Help Build a Legacy
The Friends of Palm Springs Mountains and Riverside Land Conservancy are working together to build a legacy that preserves much of the Chino Canyon as open natural space for public enjoyment, and encourages limited development that enriches the cultural and recreational experience of the Canyon. Acquisition of privately held lands, along with incentives to encourage development in less sensitive areas, will be the keys to our success. Ultimately the legacy relies upon public and private partners to provide the funding to purchase the land from willing sellers.
Critical Wildlife Habitat
A hotel, timeshares, condominiums, club houses, restaurants, and a golf course are currently planned in the upper canyon, at a critical crossing point of the endangered bighorn sheep. Our plan establishes a State Park in this area and uses density transfer incentives to move development into disturbed areas of the Canyon or appropriate areas outside the Canyon. The Plan also envisions a shuttle system to the lower Aerial Tramway Station, to reduce traffic impacts on bighorn sheep and protect the quality of the Canyon’s air.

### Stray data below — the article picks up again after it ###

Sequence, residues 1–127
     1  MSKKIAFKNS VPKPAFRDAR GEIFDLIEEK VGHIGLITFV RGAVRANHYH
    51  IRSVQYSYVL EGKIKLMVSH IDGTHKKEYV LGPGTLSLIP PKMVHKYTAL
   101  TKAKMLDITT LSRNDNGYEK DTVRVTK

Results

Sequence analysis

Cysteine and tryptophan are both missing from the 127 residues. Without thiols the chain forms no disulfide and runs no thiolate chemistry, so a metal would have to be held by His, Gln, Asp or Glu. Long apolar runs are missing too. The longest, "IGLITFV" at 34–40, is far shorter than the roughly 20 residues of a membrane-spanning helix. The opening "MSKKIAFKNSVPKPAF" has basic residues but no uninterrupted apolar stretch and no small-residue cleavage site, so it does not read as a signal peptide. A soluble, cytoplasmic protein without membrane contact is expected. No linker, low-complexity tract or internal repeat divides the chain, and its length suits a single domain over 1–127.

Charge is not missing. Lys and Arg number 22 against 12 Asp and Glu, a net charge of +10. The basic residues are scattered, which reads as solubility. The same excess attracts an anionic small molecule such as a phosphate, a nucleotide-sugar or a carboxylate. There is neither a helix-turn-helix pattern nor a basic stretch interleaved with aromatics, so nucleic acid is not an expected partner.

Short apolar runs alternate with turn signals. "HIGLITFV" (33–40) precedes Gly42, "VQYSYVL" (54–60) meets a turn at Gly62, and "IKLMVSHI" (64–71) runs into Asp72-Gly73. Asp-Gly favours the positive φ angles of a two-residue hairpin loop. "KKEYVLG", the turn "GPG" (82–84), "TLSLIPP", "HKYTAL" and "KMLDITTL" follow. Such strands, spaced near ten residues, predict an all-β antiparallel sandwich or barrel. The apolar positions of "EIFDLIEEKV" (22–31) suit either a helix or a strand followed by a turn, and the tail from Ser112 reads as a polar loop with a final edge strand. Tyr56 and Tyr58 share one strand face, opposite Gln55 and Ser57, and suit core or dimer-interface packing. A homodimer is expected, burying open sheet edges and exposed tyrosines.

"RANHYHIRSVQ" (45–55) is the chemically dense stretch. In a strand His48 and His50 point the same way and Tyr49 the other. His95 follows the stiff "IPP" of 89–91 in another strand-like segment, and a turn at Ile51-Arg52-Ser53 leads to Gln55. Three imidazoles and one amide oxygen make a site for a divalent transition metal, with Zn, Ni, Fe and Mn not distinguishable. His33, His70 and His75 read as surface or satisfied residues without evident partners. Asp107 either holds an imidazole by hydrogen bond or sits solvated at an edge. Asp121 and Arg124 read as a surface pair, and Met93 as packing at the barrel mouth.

The Chino Canyon is visible from sites all across the Coachella Valley. Over 400,000 annual visitors enjoy the isolated wilderness of the Canyon as part of the Palm Springs Aerial Tram experience. The Tram ride provides an amazing perspective of the wide open natural spaces of the alluvial fan and canyon. Our plan supports the continued enjoyment of the Tram experience by preserving much of the Canyon’s natural open space and encouraging interpretive centers, hiking trails, and other recreational amenities to create a richer visitor experience.
Condominiums and commercial development may soon surround the Palm Springs Visitor Center, designed by noted mid-century architects Albert Frey and Robson Chambers. Our plan calls for enriching the Visitor Center experience with educational facilities and visitor features that enhance the Canyon experience, without compromising existing views.
All photos credit: Tom Brewster Photography unless otherwise specified.